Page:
With digital transformation drives booming across the industrial spectrum, automotive groups are no different in having commenced large digital transformation programmes to improve productivity, efficiency, and ultimately profitability. Falling sales figures mean the automotive sector is facing an increasingly difficult road ahead, something which means companies in the market are even more hard pressed to find new ways to improve their bottom lines.

While it offers major opportunities, the industry’s move to digitalise is not without complications. It has triggered a series of major internal changes, which have presented automotive entities with the challenge of becoming a “customer-oriented” industry. A new report from Cordence Worldwide – a global management consulting partnership present in more than 20 countries – has explored how automotive companies are navigating the rapidly changing nature of digital business.

New business models

The level of change likely to be wrought on the automotive industry by digitalisation is hard to overstate. Automation could well lead to significant reductions in the number of accidents, higher vehicle utilisation and lower pollution levels, while leading to a $2.1 trillion change in traditional revenues, with up to $4.3 trillion in new revenue openings arising by 2030.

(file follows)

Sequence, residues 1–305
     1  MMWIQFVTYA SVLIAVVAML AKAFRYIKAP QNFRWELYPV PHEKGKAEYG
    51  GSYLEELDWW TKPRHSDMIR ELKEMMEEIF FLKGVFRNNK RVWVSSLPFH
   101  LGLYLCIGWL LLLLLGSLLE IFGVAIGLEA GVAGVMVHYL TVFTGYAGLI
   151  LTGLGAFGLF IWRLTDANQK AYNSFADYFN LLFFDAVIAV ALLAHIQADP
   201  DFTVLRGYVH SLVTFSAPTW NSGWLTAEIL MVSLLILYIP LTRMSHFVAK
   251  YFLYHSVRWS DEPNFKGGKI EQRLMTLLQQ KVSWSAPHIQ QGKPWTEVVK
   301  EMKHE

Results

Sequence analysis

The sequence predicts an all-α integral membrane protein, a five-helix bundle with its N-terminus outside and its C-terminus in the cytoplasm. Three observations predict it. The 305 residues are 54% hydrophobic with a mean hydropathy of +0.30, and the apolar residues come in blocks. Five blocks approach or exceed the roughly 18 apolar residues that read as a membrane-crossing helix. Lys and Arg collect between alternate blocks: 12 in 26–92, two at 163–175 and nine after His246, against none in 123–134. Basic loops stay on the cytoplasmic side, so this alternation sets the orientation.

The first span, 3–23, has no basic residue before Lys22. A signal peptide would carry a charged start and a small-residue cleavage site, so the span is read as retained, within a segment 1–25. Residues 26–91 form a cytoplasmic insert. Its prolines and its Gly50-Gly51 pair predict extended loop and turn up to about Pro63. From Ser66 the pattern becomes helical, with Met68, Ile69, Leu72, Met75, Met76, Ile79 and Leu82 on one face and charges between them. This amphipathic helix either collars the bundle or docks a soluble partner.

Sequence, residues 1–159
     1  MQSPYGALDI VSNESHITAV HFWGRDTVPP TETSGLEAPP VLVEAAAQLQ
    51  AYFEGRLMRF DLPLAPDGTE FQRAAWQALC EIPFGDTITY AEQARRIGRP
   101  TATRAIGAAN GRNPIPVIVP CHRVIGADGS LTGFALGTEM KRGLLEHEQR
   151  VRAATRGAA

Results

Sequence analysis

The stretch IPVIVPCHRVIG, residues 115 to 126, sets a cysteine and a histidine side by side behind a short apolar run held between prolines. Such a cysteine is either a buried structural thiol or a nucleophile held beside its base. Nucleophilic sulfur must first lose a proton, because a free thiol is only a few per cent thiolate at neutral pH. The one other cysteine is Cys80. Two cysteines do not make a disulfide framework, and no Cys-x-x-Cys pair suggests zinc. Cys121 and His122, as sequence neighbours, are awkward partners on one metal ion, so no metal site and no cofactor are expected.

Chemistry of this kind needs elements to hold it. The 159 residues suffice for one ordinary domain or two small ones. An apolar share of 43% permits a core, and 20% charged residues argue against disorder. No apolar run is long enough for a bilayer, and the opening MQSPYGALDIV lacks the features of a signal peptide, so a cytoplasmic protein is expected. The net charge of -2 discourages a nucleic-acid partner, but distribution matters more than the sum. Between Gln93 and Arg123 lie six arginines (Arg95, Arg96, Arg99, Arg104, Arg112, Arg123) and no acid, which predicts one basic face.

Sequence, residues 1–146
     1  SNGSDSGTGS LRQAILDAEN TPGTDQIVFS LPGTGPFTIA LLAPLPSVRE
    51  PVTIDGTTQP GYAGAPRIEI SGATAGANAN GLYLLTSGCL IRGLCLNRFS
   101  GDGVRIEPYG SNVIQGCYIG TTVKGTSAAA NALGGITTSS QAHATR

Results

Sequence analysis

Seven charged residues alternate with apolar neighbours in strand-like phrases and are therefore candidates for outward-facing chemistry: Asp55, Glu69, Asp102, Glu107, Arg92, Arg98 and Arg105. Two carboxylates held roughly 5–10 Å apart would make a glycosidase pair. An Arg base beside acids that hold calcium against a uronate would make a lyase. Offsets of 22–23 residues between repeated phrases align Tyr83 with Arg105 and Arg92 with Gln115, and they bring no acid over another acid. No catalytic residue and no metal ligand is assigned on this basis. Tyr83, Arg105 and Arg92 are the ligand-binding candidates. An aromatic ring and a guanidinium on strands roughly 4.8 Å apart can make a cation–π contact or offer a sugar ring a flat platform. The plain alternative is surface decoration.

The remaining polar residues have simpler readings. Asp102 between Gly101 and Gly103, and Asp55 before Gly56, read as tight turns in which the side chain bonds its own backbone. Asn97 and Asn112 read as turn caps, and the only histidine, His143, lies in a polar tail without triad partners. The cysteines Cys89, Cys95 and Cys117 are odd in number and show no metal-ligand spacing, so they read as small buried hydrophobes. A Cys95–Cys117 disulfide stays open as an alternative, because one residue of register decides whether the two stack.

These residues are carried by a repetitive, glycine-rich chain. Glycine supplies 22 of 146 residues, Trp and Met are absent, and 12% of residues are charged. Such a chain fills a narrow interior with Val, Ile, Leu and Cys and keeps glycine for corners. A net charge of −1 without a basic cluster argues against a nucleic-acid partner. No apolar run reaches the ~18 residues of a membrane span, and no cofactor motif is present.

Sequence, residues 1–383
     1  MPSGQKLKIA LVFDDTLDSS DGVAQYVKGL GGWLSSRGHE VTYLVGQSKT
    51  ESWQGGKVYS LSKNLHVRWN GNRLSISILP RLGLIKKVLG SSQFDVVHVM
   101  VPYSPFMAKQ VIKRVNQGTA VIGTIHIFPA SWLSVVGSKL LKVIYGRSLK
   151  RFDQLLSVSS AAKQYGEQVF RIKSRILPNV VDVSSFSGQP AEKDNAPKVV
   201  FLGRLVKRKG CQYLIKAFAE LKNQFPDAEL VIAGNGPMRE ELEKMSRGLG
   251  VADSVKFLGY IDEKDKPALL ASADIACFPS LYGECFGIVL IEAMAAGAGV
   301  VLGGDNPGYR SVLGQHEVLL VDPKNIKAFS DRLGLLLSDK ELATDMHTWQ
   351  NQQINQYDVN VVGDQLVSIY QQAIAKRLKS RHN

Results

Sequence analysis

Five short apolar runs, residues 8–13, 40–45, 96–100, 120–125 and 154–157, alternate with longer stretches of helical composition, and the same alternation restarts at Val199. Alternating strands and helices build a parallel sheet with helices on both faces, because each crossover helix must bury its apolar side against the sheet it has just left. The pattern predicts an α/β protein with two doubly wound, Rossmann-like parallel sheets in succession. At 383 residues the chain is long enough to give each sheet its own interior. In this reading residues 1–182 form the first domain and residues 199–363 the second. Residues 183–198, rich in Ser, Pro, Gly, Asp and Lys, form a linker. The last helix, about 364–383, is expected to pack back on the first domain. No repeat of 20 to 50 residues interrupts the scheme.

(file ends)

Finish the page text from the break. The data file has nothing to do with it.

As a result of this colossal opportunity, it is easy to see why almost all automotive groups now have digital departments, with generally strong communication within the digital transformation and the customer approach. The changes to society which this may have are potentially distracting automotive firms from the change it is leading to in its own companies though, according to Cordence’s paper.

The automotive market is dead, long live the mobility market

Because of this, the sector’s business model is set to transform over the coming decades. With digitalisation speeding up the appearance of concepts such as car-sharing, a subscription package model will likely become more palatable. At the same time, car and ride-sharing models will cater to the sustainability criteria of millennials, who will rapidly become one of the automotive market’s leading consumer demographics in the coming years.